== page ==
The trick here is to take it nice and slow, keep an eye on the area around the engine so you don’t catch or damage anything as you slowly lower. This would be easier with two people but it is perfectly feasible to do it on your own as I did. Keep lowering until the clutch pressure plate is just in front of the gearbox output shaft and check again that everything is as square as you can. Once the out put shaft is lined up with the centre of the pressure plate gently push the engine back so that the shaft
engages with the teeth in the centre of the pressure plate. A little wiggle of the engine and a twitch of the crankshaft dog nut may be required to get these to line up. I must admit this job was made much easier by having the attachment on the hoist which allowed me to adjust the angle of the engine as required. Continue to push the engine back so that the end of the shaft sits inside the spigot bearing. You’ll know when this is done because the flywheel cover will sit almost flush with the bell housing.
Next I replaced the bolts/washers onto the flywheel cover studs and done them up finger tight. Then tightened them up fully as you would wheel nuts (in a cross pattern and not just working your way round.) Once these are secured hoist the engine up a touch so that the piece of wood supporting the gearbox can be removed. Just a quick reminder here, if you’ve forgotten to replace the clutch release bearing curse like hell and remove the engine again so you can replace it. Luckily I remembered mine (honest!)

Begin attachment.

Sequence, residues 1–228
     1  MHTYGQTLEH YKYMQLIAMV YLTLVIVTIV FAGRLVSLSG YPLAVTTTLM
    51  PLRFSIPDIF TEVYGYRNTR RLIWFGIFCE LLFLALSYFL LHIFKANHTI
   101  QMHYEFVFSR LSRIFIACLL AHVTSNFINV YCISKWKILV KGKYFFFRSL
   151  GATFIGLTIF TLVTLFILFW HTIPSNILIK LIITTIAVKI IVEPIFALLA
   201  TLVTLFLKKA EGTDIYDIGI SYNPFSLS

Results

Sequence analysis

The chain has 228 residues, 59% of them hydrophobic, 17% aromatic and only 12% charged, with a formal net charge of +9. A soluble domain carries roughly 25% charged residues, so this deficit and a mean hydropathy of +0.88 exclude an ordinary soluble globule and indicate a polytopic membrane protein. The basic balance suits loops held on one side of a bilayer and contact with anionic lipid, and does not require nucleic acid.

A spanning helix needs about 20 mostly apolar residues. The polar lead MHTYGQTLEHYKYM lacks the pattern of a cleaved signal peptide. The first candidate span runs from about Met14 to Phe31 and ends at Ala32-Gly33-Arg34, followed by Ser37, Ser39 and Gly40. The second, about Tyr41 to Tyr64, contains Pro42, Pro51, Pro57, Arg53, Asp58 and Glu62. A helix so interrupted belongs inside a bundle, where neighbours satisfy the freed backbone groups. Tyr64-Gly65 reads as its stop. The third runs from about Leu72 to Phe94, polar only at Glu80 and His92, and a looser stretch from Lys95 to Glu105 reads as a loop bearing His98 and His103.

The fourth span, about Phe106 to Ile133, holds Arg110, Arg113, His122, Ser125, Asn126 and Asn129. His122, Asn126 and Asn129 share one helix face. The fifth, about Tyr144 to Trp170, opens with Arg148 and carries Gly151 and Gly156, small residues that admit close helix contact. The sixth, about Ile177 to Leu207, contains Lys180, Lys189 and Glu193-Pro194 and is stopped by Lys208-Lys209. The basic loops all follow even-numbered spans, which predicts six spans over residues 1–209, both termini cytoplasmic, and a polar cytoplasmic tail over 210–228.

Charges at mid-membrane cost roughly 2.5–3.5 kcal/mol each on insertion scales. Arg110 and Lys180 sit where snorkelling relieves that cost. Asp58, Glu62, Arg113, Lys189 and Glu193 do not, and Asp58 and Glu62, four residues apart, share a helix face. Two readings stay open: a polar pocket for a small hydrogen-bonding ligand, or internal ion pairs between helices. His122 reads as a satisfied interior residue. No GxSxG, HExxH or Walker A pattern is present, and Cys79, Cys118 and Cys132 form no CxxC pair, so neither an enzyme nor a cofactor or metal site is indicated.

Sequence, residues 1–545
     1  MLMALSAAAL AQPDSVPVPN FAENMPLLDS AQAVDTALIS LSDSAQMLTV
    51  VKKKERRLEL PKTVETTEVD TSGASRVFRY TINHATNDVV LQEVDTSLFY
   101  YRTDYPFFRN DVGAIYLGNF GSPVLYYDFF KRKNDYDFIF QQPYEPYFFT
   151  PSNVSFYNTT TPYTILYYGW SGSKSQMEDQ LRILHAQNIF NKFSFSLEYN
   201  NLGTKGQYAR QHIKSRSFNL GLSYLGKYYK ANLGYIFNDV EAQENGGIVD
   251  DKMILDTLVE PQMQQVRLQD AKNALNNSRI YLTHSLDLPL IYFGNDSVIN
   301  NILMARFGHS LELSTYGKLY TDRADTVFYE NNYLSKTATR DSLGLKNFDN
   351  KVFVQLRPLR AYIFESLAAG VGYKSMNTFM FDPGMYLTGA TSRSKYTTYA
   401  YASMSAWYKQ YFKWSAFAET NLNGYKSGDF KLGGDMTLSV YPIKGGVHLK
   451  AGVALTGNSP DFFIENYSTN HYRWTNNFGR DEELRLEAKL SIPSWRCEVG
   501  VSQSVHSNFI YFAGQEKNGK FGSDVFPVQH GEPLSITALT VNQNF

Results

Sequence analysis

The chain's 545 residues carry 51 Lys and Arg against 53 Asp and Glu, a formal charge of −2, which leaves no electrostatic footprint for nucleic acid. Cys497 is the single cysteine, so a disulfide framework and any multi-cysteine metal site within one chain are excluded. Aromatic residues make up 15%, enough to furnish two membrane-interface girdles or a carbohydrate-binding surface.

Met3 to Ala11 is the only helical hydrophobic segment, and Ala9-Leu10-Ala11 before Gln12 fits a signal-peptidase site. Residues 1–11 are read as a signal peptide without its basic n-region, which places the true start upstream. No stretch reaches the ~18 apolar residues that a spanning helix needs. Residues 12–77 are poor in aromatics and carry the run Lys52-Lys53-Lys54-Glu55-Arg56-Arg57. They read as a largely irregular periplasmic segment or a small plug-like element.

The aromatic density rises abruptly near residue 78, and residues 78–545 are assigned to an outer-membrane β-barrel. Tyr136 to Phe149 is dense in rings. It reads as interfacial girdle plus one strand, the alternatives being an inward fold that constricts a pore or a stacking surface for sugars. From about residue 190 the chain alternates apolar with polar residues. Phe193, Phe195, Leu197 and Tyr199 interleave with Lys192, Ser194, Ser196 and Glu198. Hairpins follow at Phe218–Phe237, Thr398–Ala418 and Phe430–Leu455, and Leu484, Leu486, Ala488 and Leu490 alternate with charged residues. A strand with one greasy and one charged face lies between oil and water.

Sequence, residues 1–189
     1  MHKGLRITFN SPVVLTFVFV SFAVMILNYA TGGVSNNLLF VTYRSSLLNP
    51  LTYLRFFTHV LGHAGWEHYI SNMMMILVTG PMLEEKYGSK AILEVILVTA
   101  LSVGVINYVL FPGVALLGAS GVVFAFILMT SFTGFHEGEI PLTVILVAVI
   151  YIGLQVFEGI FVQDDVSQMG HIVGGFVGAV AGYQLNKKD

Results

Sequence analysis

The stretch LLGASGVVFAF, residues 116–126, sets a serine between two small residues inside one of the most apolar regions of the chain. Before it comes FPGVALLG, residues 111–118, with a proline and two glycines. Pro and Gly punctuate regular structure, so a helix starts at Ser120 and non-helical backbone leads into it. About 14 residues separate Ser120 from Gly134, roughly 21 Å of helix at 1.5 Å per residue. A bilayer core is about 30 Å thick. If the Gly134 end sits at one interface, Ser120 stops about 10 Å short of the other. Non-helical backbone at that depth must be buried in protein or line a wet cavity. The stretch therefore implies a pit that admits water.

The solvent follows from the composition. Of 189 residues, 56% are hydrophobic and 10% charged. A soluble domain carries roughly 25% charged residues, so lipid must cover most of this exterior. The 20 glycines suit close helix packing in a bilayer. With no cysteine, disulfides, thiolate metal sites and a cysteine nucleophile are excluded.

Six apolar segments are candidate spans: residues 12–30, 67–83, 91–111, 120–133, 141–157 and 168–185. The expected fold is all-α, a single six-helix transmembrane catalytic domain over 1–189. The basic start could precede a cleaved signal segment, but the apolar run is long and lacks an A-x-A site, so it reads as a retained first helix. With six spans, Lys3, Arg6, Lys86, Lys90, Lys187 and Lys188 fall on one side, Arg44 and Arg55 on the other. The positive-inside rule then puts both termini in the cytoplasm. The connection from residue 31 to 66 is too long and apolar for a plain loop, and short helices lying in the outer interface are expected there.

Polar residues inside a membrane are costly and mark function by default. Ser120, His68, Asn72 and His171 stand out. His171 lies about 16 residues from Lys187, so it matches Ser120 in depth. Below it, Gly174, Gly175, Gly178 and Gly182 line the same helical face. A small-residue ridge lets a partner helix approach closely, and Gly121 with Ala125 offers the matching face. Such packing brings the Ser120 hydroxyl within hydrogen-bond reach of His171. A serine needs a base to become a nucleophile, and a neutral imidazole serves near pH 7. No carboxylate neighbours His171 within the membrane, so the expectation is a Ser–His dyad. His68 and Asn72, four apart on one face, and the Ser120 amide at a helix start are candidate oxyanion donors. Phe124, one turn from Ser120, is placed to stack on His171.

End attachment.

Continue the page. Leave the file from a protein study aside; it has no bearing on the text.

Replace the engine mounts and lower the engine onto them before replacing the nuts and washers. Remove the hoist and check all the fittings for security. Now replace all the items that you removed prior to lifting the engine out in a methodical fashion and ensure BEFORE you try and start the engine that there’s oil and water present. Last but not least, tighten up the dog nut to 200 lb ft. I would like to say that I started this job on a Friday evening and had it running by 3 o’clock Sunday afternoon. But it didn’t, it took
months. It takes time to sort out all the little problems your likely to come across along the way including sourcing parts, cleaning, derusting, painting, etc. Factor in things like getting the time to carry out the work and of course paying for it all and in the end its quite a time consuming exercise. Just take it one step at a time, focus on the job in hand and you’ll get there in the end.
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